Third time trying to write this first paragraph, which is sort of unusual for me? There’s almost always some main thing I want to talk about from an episode. Premieres, if anything, have even more stuff I’m aching to discuss. The thing that keeps getting in my way is that there’s one major thing I want to discuss, but I keep thinking it’s too minor, or too personal, to start with. But trying to avoid it is frustrating me, like I’m trying to talk about something other than what I really want to talk about. So, let’s just talk about the thing I cannot stop thinking about.

This first episode is so reminiscent of the premiere of Ex-Aid, and I love that to death.

It really clicks in when the cute lady assistant shows up to deliver a driver to our title character, to better help him defend a group of civilians from a monster attack at a public place. But even beyond that, there’s the way Aruto’s story is so central to this episode; the way the A.I.M.S. team is sketched in without necessarily being drawn into the narrative; the way MetsubouJinrai.Net is clearly Gathering Data, one of the few disappointing hallmarks of early Ex-Aid; the way a young man dedicated to helping people one way, takes a left turn to help people in a different way.

That last aspect was my favorite part, and the emphasis on it was what really elevated this episode for me. Ex-Aid had Emu start as a doctor, and become a Kamen Rider, but still work as a doctor. Zero-One has Aruto pursuing his dream of being a(n objectively terrible) comedian, and then says No to him, somewhat definitively. His dream was to make people happy, and now he’s being asked to run a company while defending humanity from a robot death cult -slash- liberation army. (Tokusatsu is written by the winners!) But in doing so, he can give people the safety to be happy. He’s not actively doing the thing he wants, but he’s providing the conditions for it to be done. I like that message, that we can sometimes mistake the path for the destination, or the process for the result. Aruto wants to make people happy; why does it have to be as a comedian? Why define yourself one way? Why stick to one definition?

And that seems like it could be a big theme for the season, what with robots overcoming their programming and humanity deciding how much of their society they want to leave up to a new lifeform. Exploring the parameters of freedom and self-sufficiency, trying to figure out how to integrate technology into society without abandoning our humanity, using industry with empathy, that all feels like stuff this show wants to touch on, judging from this first episode.

And, like, even beyond thematic reads and fun morals and Ex-Aid structural callbacks, this was just a ton of fun. The action choreography was exceptional, Izu’s got cute chemistry with Aruto, and Aruto’s split-second decision to become Kamen Rider Zero-One (the ferocity of his acceptance was such a great counterpoint to his normal easy-going haplessness) was a glorious Rider debut. You can see the bones of Ex-Aid in there, but the finished product has successes all its own. Fantastic first episode for our first Reiwa Rider!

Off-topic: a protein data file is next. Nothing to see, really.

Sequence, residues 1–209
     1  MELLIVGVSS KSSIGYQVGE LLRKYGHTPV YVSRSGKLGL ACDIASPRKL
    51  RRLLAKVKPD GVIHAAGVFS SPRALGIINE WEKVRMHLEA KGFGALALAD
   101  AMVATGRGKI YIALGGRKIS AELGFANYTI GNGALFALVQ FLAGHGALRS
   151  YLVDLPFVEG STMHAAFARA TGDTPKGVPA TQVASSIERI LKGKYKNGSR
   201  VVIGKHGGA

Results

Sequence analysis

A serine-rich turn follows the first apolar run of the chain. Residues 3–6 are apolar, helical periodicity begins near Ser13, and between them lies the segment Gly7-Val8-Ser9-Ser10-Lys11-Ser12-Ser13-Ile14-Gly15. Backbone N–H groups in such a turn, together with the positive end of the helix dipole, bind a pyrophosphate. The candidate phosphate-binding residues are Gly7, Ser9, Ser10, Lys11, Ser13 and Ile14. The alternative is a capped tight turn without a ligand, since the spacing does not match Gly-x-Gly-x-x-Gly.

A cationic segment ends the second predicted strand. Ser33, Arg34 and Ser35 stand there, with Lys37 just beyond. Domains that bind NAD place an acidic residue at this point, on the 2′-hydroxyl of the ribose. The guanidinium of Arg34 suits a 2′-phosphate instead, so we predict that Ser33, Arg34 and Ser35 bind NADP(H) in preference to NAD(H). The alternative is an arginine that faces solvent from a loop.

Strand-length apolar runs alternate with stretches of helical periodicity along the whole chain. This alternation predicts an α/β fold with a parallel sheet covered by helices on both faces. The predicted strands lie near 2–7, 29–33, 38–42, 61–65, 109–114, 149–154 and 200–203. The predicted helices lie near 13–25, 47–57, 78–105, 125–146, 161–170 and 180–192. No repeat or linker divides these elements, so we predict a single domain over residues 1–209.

Fantastic suit, too.

It’s a design I’ve always appreciated, even before I saw it in motion. The fluorescent green is absolutely striking, layered on the black undersuit. The green sells the grasshopper motif, but it also has an industrial Safety Hazard look to it, a warning to civilians to stay away. Like, heroic, but dangerous.

I like the little grasshopper face in the torso armor, and how the red of the eyes comes back in on the boots. There’s always so many interesting touches on Rider suits, and even a fairly straightforward design like this one manages to weave in some fun details.

But the main appeal is in its cleanliness, which is appreciated. Even though I came in through the maximalist VIDEO GAMES design philosophy of Ex-Aid, I tend to lean towards suits like Rising Hopper, where the color choices do a lot of the heavy lifting. Black contrasted with eye-searing yellow/green, punctuated with drops of red and silver.

And it works great in motion, this unmistakable Kamen Rider Zero-One blur. It communicates Agility instead of Strength, which helps his fighting style feel utterly fleshed-out after only one fight. It just… man, it just works as a suit?

This SO-DO got built a couple years ago, and it maybe shows? A little dusty, that’s for sure. I remember it being a fun build, if also a confusing one. (See previous post: I didn’t know these suits at all!) But they really didn’t skimp on this suit’s details: the silver on the arms and torso straps is painted on, as is the red and black of the mask. For a cheap candy toy, they made sure that the hero suit looked heroic!

Anyway, I don’t know if this is making a ton of sense because my internet has been sabotaging this entire writing process, so let me try and sum up this suit and this figure: both great! I like this little guy, and I like his suit on the TV show. What about you? How do you like Rising Hopper?